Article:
The Doro 8035 does a good job of hiding the scary parts of Android, but weak hardware still struggles
- Doro software is welcoming to newcomers
- Decent screen
- Removable battery
- Atrocious battery life
- Poor performance
- Dreadful camera
Swedish company Doro has carved itself out a cosy little niche in the smartphone world. While the Apples, Samsungs and Huaweis of this world chase speed and features, Doro is trying to keep things simple.
There’s a specific reason for this: its products are aimed at seniors who may not be familiar with technology, and especially the labyrinthine settings of Android. Doro’s handsets try to keep things as simple as possible, and the Doro 8035 continues in this tradition, with a heavily skinned version of Android for under £150.
Does it succeed? Not by most of the metrics that we usually rate phones, but it may still be worth your time.
Doro 8035 review: What you need to know
The Doro 8035 won’t win any awards for speed. Bluntly, it wouldn’t be guaranteed a podium finish if it somehow time-travelled back to 2013, with its Qualcomm Snapdragon 210 processor and 2GB of RAM feeling sluggish doing pretty much anything.
Instead, Doro’s main interest is usability for seniors. The screen is a large 5in affair, Android is skinned to have big buttons with common-sense, readable labels and there’s a panic button on the back that can easily send emergency contacts a message with your GPS location, should you hit trouble.
Doro 8035 review: Price and competition
The Doro 8035 costs £140, and is a direct follow up to the Doro 8030. Trying to track down actual specs is a challenge for all of Doro’s products, but it doesn’t look too different on paper, with a slightly higher clock speed on the same processor: 1.1GHz bumped up to 1.3GHz.
While they don’t share the same user-friendly approach, you can get a lot more on paper for that kind of money. Our picks in that price range would be the Motorola Moto G7 Play (£150) and the larger Moto E5 Plus (also £150), but if money is tight then the Vodafone Smart X9 is a bargain at £99.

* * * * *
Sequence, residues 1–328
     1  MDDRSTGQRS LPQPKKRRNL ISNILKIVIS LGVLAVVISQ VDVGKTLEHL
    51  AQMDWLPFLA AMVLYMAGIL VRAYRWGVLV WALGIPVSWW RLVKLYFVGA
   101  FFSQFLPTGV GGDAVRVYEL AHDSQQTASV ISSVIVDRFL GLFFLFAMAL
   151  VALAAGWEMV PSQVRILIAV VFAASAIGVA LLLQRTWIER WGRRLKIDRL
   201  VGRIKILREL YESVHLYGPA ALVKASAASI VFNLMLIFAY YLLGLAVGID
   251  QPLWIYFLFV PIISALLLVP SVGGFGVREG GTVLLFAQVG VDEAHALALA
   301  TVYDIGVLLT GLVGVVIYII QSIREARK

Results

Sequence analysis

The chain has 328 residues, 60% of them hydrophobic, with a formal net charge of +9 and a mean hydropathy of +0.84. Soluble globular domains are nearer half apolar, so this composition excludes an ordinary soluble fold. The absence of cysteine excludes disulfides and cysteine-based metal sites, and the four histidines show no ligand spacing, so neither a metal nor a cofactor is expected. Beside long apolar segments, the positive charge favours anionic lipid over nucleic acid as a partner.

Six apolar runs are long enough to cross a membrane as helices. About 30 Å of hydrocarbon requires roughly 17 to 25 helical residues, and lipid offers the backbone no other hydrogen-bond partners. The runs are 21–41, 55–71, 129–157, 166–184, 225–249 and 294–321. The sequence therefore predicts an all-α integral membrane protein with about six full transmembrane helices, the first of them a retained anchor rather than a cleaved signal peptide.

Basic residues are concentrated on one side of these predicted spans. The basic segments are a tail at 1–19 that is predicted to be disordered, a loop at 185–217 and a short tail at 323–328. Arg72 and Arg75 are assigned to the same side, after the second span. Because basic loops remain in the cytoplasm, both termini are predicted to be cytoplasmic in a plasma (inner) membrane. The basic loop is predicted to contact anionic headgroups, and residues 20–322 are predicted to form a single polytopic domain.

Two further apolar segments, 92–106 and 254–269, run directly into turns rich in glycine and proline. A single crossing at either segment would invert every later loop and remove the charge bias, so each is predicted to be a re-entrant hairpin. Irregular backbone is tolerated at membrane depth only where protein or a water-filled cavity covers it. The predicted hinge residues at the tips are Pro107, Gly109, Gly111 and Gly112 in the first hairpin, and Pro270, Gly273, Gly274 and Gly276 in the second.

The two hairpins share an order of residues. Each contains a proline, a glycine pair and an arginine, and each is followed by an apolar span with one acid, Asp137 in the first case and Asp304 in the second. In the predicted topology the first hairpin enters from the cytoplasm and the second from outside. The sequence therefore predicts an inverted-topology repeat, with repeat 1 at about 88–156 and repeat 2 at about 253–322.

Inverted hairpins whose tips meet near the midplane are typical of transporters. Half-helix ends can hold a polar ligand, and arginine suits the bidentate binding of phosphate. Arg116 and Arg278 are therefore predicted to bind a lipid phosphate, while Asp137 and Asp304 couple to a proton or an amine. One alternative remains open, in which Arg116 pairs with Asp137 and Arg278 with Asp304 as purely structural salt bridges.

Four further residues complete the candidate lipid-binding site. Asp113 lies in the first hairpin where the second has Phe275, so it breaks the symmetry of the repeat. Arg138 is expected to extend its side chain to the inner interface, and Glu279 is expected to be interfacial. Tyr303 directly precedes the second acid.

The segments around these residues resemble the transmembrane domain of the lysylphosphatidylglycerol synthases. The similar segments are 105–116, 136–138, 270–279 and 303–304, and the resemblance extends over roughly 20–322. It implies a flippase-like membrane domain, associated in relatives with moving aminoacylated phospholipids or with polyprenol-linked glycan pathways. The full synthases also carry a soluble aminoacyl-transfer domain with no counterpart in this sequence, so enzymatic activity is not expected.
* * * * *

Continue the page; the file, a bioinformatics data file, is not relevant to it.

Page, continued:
Given speed isn’t of the essence here, if you want userfriendly on a budget, it may even be worth sourcing an older iPhone. The iPhone 6, for example, can be picked up for around the £100 mark nowadays.
Doro 8035 review: Design
While nobody – bar maybe time travellers from the 1980s – would call the Doro 8035 sleek, it is pretty well designed for users who may be both frail and unfamiliar with smartphone tropes that many of us take for granted.
The 5in display is surrounded by thick borders on the top and the bottom, and there are three tactile buttons along the bottom reflecting the usual Android fare of home, back and menu buttons. These actually look touch sensitive, and it took me a little while to return to a world of physical buttons.
At 9.48mm thick, the Doro 8035 feels chunky in the hand, while being suitably well defended against knocks and scrapes. The entire back panel comes off for the battery to fly out, absorbing the shock if dropped, while the back and sides are made entirely from plastic. The screen is still vulnerable, of course, but it’s certainly more durable than most 2019 handsets.
There’s also room for a headphone jack and microSD card, supporting up to 32GB of space, which is often MIA on more expensive rivals. But perhaps the most interesting thing about the design is the large, round button which sits parallel with the camera lens. This is a panic button that can be linked to send an emergency text message with coordinates to family and friends in case of a fall, and can be set to a three-second long press, or three consecutive presses before springing into action.